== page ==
Education & Engagement

Oct. 13, 2014

About the author: Neda Simeonova is editorial director of Water & Wastes Digest. Simeonova can be reached at [email protected] or 847.391.1011.

Water professionals face daily challenges in meeting the water demand of current and projected population. Century-old infrastructure in dire need of replacement and diminished funding assistance only exacerbate this problem. And if your water system happens to be located in an area of the country impacted by severe drought, it may feel like your challenges are mammoth-sized.

Managing customer needs presents a whole other conundrum, and the relationship with
customers is frequently impacted by drawbacks such as water bans, water main breaks, basement flooding and even improvement projects. But the customer-water provider relationship doesn’t have to be doomed.

A number of utilities around the country are managing customer expectations with effective and engaging public outreach programs. 

These programs are designed to educate customers about water systems’ involvement in different functions, projects and efforts. Furthermore, they help with basic but important functions, such as billing notices or service terminations due to delinquent water and sewer accounts, and revenue recovery. 

Effective outreach programs help the public understand the importance of water planning and even involve them in the planning process—water conservation programs are a great example. 

Public education and engagement ensure a happy and supportive customer, and eliminate complaints and frustrations.

Recently, I experienced firsthand the importance of communication in relation to water department maintenance projects in my neighborhood. 

This fall, Chicago’s department of water management has been hard at work trying to complete a number of projects before the end of the year throughout the Chicagoland area.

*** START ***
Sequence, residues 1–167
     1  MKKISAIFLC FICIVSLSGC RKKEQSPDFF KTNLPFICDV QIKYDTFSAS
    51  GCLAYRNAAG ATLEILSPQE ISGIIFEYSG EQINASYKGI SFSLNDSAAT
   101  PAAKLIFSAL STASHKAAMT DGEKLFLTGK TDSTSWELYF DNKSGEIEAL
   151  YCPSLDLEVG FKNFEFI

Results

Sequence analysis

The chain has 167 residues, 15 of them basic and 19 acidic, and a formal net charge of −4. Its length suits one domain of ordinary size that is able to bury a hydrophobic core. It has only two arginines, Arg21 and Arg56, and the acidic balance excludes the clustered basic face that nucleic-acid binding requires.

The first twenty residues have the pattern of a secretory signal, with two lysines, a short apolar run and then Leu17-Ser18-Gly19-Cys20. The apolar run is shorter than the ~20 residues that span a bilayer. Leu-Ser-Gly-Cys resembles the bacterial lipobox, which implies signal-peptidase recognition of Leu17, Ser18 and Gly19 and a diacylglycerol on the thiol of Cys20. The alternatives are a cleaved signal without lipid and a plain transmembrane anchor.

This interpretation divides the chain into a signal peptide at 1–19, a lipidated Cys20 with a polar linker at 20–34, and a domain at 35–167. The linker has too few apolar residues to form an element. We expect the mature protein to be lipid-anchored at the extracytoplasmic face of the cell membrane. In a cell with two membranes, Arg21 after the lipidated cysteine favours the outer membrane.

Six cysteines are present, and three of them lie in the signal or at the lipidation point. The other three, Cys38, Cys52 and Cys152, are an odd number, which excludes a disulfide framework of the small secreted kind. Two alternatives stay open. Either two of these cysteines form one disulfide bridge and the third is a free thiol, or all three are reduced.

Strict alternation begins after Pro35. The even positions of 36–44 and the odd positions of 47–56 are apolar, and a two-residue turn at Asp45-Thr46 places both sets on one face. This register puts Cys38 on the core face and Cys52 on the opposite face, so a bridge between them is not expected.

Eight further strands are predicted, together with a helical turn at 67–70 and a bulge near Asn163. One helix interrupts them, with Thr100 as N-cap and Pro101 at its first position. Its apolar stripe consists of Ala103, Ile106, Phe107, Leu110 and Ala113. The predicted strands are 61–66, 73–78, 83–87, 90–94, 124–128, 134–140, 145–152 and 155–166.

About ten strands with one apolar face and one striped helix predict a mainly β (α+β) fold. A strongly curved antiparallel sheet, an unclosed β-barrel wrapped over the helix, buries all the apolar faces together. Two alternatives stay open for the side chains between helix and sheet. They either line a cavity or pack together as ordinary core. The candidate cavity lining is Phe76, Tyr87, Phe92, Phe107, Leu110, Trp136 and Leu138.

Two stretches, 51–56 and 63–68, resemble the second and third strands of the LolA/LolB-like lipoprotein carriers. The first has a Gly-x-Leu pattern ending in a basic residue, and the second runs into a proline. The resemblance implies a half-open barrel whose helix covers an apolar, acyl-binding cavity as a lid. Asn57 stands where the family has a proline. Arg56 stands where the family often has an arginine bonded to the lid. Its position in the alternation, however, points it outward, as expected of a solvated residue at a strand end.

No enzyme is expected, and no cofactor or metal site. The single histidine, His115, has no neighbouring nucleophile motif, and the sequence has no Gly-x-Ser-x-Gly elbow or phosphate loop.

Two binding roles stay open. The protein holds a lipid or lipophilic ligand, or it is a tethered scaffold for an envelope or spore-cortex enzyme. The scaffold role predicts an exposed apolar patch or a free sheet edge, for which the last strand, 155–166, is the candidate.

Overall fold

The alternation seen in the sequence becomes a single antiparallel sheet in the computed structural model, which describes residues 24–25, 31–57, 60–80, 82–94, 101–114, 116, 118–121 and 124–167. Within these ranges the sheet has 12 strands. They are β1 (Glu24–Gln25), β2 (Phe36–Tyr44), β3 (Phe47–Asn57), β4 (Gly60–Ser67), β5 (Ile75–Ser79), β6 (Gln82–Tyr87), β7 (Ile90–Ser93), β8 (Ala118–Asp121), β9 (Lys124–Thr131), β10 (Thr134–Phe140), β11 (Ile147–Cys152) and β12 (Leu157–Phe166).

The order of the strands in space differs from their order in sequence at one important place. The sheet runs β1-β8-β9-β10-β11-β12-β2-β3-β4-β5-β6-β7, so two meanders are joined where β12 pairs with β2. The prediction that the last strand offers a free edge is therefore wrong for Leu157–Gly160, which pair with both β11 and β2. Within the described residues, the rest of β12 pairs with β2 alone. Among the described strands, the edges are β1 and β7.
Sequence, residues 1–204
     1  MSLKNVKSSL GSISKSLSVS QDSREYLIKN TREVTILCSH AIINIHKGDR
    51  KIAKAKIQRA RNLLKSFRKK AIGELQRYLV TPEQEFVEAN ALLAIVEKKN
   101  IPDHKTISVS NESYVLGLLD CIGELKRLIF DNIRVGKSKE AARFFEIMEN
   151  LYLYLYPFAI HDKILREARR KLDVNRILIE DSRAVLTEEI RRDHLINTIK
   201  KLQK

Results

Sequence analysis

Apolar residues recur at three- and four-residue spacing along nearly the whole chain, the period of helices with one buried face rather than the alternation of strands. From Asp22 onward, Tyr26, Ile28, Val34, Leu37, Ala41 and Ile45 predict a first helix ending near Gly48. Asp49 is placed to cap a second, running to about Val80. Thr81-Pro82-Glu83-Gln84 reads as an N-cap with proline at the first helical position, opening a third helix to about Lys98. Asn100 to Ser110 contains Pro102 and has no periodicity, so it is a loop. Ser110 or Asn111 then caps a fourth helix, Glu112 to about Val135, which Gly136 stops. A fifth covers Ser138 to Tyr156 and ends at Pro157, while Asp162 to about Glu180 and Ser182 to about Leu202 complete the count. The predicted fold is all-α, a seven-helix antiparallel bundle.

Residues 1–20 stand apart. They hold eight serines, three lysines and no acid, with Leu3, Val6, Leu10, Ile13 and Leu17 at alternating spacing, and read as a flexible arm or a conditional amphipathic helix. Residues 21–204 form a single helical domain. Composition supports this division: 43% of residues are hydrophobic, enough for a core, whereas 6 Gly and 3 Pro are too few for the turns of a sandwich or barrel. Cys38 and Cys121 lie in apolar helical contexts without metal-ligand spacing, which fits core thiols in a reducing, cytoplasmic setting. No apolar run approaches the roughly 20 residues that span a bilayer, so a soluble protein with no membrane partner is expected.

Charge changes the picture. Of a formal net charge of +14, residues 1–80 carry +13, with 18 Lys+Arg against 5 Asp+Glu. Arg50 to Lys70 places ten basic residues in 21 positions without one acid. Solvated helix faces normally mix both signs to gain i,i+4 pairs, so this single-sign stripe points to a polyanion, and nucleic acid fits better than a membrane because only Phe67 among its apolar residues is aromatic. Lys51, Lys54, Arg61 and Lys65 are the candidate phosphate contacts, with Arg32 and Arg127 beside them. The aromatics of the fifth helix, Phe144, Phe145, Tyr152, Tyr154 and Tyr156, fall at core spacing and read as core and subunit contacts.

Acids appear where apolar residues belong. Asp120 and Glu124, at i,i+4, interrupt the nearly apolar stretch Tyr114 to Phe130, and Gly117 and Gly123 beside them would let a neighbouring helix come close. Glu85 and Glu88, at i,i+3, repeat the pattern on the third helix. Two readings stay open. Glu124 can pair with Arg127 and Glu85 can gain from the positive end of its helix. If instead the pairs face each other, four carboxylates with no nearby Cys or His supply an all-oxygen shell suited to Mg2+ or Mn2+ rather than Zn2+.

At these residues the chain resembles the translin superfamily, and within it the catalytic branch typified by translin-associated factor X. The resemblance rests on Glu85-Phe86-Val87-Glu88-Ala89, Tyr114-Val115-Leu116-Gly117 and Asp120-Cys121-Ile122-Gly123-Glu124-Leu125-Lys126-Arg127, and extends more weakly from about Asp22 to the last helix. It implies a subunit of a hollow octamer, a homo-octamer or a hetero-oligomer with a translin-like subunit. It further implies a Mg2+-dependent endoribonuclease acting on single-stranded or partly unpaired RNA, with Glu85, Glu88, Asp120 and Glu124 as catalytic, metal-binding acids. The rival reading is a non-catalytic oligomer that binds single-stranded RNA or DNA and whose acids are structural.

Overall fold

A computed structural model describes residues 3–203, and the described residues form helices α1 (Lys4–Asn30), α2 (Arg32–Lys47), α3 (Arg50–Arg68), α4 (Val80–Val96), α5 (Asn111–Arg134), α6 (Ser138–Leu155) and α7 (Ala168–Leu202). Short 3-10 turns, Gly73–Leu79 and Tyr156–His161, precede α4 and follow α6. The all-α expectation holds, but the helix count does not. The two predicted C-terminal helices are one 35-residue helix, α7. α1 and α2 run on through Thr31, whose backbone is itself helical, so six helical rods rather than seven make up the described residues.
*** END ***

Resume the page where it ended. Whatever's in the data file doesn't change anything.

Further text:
In my neighborhood alone, an installation of approximately 2,330 ft of new sewer, which will allow for better drainage and reduce the chance of flooding caused by heavy rains, currently is underway. Reconstruction of a century-old water main in dire need of replacement also is in progress.

All of this work means navigating detour signs to avoid massive street closures and construction dust. For local residents, this is more than an inconvenience. 

The department of water management, however, has done an excellent job communicating to the public the ongoing work and progress made in order to minimize inconveniences as residents wait for the dust and machine noise to slowly come to an end.

Instead of high levels of frustration, residents now can anticipate the benefits of improved water service and flooding remediation as the area, being just a mile inland from Lake Michigan, is prone to flooding during major weather events. 

Applying some practices will help the public understand the importance of water planning. Clear communication to all stakeholders, decision-makers, legislative bodies and the general public is a must. Various communication tools—live presentations, e-mails, website posts, phone calls, direct mails, press releases, social media and even webinars—should be used. 

Transparency also is key to public engagement. The public should be invited to attend all meetings, and easy access to meeting minutes and information allows all water users to feel involved in the process. 

These are just some ways to enhance service to customers and improve communication efforts. At the end of the day, a well-informed customer is an engaged and understanding customer; and that’s one fewer challenge to keep water professionals up at night.

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About the Author

Neda Simeonova

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